Hu Yoshida

Social Innovation Integrates Smart Cities with Smart Agriculture

Blog Post created by Hu Yoshida Employee on Mar 18, 2016

By 2050, the world population will grow from 7 billion today to 10 billion and most of the population will be living in mega cities. This is triggering the interest in smart cities around the globe to ensure that these cities are healthy, safe and sustainable. While a lot of technology and innovation is focused on urban transportation, energy, healthcare, waste management, and carbon emissions, Hitachi is also focused on agriculture and the ability to feed these billions of people.  By 2050 we will need to double food production while arable land is shrinking, and farm workers are migrating to the cities.


I was raised on a farm where we started with less than 5 acres of strawberries and everything was done by hand labor. As the farm grew and we were able to acquire more land and farm machinery, we grew lettuce, tomatoes and green beans. When we planted lettuce, we mounted a seed hopper on the tractor, which dropped seeds at a rate that was regulated by a mechanical cog, followed by a small plow that threw soil on top of the seed. Since we did not know how successfully the seeds would geminate we planted redundant seeds (sound familiar?). After the seeds sprouted we went back with a hand hoe and thinned out the spouts to give room for the best sprouts to develop into mature heads of lettuce. For every 5 seeds we planted we destroyed 4 seeds in the thinning process. Today modern planting machines plant individual seeds based on GPS and computers that ensure each seed is planted at the optimal depth and spacing with the right moisture content to ensure germination. However, planting is only the first step in a very complicated process of bringing food to our table. Hitachi is utilizing the Internet of things that matter to increase food production.

Hitachi Agriculture.jpg

As part of Hitachi’s Social Innovation strategy they have a business unit that is focused on agriculture.  Agriculture like everything else is based on data. Hitachi has developed an agriculture Information management system that they call GeoMation Farm that is based on various inputs, including satellite data. This not only helps farmers with the use of water, weather, and chemicals to optimize production but is also used to minimize environmental impacts like carbon emissions, soil erosion, nitrate leaching, the loss of biodiversity, and the growth of antibiotic-resistant bacteria. In Japan, farming is also an art. Rice must be harvested with the just the right amount of moisture, not too wet and not too dry. Japan is the only place I know where you have to pay $100 for the perfect melon with the right curl in the stem! While the farms in Japan are usually smaller than my father’s original 5 acres, Hitachi is also working with larger farms in Australia where they are developing precision farming based on satellite signals to robotic tractors.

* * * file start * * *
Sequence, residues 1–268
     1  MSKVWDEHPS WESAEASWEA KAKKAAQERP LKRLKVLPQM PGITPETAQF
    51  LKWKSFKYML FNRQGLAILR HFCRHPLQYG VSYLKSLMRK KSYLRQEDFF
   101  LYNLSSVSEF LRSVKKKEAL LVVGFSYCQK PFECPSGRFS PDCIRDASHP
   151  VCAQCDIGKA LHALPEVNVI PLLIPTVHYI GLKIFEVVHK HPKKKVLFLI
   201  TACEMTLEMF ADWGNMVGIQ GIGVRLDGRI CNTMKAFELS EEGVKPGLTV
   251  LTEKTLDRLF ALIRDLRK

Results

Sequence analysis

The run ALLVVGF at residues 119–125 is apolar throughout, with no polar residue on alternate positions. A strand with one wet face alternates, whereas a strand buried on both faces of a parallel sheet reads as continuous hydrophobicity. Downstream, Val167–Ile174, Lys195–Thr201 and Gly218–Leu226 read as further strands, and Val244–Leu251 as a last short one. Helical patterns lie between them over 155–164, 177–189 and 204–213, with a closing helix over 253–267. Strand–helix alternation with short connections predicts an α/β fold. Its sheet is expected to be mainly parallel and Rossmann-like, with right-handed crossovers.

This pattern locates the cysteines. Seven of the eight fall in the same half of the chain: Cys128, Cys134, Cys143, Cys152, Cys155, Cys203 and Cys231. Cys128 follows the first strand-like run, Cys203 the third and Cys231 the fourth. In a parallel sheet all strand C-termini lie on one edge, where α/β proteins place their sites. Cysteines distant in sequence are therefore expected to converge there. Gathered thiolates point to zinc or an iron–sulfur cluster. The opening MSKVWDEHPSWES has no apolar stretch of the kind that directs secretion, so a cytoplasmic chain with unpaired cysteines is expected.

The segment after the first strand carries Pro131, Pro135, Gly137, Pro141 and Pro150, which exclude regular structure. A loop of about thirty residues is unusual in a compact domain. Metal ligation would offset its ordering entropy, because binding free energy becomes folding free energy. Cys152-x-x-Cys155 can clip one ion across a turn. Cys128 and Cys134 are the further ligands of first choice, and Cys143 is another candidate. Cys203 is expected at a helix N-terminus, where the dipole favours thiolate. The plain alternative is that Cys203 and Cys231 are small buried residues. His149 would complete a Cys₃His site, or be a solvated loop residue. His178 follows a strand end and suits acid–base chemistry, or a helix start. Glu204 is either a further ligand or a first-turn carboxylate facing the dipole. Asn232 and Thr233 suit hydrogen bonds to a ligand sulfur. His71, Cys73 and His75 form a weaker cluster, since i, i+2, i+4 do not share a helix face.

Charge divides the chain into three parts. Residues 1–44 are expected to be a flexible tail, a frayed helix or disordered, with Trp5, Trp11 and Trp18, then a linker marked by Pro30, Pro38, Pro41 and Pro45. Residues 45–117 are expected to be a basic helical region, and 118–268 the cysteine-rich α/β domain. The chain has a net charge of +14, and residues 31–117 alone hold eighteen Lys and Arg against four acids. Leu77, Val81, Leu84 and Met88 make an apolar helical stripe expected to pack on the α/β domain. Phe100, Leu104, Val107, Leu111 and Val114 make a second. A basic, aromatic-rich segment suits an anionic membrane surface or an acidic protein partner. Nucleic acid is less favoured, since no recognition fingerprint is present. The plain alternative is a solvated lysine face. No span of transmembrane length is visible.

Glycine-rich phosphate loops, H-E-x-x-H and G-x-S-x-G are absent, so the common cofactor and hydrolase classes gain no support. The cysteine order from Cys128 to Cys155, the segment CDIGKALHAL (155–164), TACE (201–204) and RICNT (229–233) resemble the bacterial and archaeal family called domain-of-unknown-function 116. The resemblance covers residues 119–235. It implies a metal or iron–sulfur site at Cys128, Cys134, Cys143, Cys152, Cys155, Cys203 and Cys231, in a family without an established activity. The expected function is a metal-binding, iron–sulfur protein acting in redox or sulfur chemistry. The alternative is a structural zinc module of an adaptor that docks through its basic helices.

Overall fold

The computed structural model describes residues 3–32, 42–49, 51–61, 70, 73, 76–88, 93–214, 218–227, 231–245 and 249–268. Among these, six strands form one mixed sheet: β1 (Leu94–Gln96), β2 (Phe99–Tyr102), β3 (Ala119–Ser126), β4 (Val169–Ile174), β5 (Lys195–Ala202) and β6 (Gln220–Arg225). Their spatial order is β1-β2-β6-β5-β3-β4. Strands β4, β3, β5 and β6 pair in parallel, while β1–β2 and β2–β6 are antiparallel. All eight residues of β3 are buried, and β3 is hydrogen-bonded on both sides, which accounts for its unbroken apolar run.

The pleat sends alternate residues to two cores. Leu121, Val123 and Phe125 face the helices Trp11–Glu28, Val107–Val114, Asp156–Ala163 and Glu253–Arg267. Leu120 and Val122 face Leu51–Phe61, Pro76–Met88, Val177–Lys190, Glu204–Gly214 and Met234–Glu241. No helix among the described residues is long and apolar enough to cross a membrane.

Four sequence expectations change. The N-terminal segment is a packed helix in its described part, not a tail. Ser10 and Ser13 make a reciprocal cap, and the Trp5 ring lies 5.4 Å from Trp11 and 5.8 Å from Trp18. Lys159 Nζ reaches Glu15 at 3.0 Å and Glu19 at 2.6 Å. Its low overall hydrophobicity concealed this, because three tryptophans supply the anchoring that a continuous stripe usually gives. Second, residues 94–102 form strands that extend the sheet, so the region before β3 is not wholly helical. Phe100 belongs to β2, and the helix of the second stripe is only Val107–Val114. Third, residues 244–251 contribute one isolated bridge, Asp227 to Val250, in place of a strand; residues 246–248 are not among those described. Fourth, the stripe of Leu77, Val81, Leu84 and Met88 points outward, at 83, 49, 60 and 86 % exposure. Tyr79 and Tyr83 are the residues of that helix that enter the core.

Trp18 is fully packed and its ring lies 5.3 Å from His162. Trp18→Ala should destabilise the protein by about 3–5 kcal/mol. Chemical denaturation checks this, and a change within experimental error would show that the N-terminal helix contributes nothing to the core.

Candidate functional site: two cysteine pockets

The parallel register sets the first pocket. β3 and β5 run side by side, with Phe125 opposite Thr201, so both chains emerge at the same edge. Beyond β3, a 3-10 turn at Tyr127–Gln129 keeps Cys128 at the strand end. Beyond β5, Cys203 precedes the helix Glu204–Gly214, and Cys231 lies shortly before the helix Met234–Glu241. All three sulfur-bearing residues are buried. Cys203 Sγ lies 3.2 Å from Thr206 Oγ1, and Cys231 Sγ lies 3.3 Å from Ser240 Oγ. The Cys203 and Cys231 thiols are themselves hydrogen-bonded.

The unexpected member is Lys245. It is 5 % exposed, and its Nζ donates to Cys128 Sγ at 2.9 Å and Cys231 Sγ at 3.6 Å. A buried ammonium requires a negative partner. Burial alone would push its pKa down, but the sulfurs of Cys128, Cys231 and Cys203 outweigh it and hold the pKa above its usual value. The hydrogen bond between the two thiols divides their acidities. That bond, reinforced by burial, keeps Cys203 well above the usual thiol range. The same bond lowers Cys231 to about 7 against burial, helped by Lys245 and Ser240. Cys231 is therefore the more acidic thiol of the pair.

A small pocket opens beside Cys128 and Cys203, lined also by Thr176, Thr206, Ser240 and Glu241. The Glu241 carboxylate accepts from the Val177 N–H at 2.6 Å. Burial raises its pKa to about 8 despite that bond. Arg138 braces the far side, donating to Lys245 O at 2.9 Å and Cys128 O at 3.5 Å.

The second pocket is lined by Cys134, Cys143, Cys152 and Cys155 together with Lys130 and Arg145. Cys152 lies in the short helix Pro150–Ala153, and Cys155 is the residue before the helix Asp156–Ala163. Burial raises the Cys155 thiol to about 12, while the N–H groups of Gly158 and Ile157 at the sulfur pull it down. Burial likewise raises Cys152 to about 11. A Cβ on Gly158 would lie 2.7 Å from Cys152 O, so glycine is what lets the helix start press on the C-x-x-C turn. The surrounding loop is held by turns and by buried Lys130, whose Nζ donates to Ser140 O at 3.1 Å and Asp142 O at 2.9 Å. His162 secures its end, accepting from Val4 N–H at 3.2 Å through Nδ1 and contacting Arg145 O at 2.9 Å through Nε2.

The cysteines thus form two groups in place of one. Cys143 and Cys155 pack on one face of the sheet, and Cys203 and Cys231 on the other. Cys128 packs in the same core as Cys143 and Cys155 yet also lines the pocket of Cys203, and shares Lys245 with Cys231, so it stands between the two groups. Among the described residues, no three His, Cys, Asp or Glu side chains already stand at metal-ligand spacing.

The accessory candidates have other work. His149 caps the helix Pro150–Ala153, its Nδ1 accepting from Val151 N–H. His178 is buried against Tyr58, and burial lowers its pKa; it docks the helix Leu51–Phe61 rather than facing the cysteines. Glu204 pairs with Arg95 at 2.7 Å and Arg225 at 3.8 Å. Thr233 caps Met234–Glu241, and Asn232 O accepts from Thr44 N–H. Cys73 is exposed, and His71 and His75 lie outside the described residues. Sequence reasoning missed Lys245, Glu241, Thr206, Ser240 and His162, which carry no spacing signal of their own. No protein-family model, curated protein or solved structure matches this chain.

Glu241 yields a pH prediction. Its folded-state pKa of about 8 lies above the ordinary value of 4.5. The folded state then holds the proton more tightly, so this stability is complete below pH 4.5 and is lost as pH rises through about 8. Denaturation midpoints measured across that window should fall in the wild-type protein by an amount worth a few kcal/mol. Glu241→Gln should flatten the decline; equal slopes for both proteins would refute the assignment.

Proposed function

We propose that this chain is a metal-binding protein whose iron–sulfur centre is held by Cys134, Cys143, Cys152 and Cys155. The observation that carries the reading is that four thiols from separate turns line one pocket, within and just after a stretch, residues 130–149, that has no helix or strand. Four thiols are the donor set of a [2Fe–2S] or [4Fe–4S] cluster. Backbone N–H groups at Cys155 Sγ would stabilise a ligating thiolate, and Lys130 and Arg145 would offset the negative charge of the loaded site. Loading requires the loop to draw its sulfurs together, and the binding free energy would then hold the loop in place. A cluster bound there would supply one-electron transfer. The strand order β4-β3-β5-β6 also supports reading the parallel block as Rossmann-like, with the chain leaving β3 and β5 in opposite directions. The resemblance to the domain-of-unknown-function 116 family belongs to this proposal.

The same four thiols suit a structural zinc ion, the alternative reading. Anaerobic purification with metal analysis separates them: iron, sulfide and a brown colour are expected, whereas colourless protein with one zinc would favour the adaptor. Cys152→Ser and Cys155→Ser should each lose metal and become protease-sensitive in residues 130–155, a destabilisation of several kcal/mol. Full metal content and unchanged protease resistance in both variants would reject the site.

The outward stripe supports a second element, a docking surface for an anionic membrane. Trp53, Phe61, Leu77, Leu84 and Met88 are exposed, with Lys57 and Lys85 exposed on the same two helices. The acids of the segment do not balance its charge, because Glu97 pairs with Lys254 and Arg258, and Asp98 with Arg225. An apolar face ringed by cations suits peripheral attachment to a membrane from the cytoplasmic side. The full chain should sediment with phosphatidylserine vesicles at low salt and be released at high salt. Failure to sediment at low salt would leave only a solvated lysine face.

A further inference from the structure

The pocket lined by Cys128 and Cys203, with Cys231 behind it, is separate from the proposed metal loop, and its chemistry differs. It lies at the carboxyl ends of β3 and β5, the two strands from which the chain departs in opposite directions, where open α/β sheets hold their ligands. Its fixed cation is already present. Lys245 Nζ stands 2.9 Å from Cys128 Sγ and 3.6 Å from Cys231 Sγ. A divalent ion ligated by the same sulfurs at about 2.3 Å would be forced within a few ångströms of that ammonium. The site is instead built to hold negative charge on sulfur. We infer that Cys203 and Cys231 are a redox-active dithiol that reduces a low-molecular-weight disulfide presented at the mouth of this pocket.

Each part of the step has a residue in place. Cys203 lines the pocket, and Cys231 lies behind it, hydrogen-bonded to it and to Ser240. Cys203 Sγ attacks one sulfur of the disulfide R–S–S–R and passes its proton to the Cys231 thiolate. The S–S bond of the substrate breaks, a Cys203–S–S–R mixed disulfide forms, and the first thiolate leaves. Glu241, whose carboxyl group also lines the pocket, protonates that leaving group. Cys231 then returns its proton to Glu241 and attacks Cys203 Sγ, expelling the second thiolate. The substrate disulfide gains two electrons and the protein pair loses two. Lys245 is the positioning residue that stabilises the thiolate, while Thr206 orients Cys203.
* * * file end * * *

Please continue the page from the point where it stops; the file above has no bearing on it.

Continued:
After the growing of food, that food needs to be distributed.  A few years ago, I was in Brazil, visiting the University of San Paolo, where they are working on Smart City projects. One of the problems they are trying to solve is the distribution of food. In Brazil, which is one of the richest agricultural countries in the world, 40% of the fresh foods spoil before it reaches the table of residents in San Paulo due to distribution problems. This is an infrastructure problem not an agriculture problem.  This is part of the reason that futurists say that we need to double food production while population grows by 50% in 2050. Smart agriculture must be integrated into smart city infrastructure to ensure that people in these mega cities have access to fresh foods.


A recent IEEE Spectrum article claims that even after the food is distributed, in the United States, we waste 40% of that food while many people are starving.  Doubling food production will not solve this problem. In the US we need to be more conscious of the portions we serve. My wife and I often share meals when we go out to restaurants  because the portions are just too large. How many people can really eat a 16 ounce steak? The point here is that we can solve many problems with innovative technology, but we also need to take individual responsibility to build a sustainable society.